And I said, Anne, don't be ridiculous, they can't find out. This is confidential. It's protected. They're never going to find out that we did it. And I was a little bit put out with her, because I thought, why are you being so cautious? Why are you being so upset? When, in fact, I should have realized, I'm leaving. I don't have to face the scrutiny of Winkler County and the officials there. She had a much better pulse on the type of people we were dealing with.

Ira Glass

Coming up, how a confidential letter ends up in the hands of exactly the people that it is supposed to be kept confidential from, and what kinds of things can happen as a result of that. Saul Elbein's story continues, from Chicago Public Radio and Public Radio International, when our program continues.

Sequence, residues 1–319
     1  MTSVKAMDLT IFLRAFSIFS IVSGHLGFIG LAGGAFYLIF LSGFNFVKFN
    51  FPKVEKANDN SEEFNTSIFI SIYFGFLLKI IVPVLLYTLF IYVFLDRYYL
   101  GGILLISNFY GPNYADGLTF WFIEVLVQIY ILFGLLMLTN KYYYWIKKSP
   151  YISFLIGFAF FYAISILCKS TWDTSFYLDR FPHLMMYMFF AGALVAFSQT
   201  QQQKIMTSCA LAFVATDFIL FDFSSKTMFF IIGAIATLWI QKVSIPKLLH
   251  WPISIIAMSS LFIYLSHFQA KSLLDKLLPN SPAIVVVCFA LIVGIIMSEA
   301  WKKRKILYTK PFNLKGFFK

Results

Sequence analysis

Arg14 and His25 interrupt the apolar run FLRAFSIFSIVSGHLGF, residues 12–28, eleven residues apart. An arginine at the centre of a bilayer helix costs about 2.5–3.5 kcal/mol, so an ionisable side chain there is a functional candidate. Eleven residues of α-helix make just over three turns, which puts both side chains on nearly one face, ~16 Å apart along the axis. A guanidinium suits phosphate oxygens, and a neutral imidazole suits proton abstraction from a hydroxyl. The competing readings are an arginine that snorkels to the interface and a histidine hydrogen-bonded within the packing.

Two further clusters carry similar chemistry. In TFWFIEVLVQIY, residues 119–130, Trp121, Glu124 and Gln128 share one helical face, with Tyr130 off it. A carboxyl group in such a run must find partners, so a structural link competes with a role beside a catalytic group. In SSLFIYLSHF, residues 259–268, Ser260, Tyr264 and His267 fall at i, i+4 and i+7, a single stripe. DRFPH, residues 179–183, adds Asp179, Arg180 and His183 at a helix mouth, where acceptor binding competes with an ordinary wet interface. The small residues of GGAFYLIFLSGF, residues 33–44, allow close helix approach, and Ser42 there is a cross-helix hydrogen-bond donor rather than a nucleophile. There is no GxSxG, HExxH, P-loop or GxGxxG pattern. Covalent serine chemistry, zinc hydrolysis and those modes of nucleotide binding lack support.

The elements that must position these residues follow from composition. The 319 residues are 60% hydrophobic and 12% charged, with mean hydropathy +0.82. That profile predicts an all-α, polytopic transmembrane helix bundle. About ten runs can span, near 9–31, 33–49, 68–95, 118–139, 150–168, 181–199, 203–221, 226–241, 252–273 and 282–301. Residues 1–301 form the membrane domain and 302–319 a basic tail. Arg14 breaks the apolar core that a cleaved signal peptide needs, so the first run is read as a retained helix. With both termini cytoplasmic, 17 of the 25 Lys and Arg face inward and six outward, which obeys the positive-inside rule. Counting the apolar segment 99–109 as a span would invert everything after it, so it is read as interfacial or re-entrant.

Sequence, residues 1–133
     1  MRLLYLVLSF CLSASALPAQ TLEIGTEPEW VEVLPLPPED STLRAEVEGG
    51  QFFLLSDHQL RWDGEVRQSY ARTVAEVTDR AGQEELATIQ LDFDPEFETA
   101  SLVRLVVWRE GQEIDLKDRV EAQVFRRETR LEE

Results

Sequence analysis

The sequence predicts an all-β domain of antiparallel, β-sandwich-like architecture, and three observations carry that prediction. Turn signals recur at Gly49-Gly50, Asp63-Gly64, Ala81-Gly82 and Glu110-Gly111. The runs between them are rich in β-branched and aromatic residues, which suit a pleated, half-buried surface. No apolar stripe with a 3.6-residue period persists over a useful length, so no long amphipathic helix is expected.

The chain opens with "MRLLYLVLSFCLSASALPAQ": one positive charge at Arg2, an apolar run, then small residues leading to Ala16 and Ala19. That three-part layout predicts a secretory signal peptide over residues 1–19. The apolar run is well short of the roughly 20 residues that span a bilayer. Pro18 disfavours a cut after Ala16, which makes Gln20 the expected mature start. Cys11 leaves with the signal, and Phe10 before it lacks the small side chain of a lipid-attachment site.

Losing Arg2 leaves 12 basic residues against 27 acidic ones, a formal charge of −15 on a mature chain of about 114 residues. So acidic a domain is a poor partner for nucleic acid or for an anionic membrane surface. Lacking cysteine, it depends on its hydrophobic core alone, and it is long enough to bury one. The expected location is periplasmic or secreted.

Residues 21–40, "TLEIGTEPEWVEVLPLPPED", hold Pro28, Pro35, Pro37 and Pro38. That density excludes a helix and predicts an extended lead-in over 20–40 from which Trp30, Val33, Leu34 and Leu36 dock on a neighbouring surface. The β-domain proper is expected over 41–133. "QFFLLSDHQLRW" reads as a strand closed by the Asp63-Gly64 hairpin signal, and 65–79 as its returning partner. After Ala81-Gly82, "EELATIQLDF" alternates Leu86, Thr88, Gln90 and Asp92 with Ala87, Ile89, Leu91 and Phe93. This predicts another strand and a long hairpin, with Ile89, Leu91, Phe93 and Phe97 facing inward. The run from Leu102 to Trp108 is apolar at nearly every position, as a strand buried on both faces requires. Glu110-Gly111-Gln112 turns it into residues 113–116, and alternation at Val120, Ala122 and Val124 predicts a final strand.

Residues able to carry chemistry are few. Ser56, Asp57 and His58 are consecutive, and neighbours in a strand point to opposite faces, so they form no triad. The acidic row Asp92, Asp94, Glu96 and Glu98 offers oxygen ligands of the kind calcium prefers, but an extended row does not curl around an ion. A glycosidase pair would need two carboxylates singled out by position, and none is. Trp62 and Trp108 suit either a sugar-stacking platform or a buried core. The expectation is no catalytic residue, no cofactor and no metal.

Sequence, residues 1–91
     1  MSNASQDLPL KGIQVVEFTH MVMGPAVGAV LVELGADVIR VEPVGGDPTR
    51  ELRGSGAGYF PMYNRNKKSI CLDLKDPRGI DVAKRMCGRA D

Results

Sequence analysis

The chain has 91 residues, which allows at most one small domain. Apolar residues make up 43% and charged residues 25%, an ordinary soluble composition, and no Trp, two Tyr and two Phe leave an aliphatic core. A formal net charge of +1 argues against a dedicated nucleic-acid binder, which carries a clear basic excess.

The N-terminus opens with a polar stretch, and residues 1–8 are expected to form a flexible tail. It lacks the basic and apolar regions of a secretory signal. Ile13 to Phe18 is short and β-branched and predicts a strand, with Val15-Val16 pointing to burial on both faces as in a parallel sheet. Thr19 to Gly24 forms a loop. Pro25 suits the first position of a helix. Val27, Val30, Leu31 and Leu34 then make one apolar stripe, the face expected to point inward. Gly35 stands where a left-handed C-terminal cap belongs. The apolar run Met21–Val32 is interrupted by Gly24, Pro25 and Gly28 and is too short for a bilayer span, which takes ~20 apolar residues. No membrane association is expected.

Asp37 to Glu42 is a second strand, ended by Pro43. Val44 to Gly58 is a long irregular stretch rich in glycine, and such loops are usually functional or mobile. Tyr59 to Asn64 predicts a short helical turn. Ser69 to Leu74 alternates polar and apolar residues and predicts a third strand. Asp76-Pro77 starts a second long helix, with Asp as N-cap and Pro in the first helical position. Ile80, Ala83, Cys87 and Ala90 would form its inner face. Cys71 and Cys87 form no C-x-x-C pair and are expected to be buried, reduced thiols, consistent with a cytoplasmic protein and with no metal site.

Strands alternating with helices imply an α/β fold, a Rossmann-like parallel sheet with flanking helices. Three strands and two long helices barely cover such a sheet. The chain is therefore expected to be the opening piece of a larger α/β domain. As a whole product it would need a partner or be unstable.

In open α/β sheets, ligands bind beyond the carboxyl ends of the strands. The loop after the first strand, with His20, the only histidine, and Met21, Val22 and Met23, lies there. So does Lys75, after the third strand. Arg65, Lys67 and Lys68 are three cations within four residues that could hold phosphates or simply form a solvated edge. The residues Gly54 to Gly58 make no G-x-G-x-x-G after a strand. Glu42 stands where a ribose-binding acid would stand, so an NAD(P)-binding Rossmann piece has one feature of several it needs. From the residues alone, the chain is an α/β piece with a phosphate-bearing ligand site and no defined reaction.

It's This American Life. I'm Ira Glass. If you're just tuning in, our show today is about old boys' networks. And we're in the middle of Act One, a story about some nurses who sent a letter off to the Texas Medical Board about what they saw as one doctor's questionable practices, and then they found themselves tangling with all kinds of powerful people in their town. When we left off, Anne Mitchell and two other nurses had just sent off their letters to the TMB. Here's reporter Saul Elbein.

Saul Elbein

Six weeks later, Anne Mitchell started to hear strange rumors that the Winkler County sheriff, Robert Roberts, was doing an investigation. Word was that he was trying to find out who had complained about Dr. Arafiles.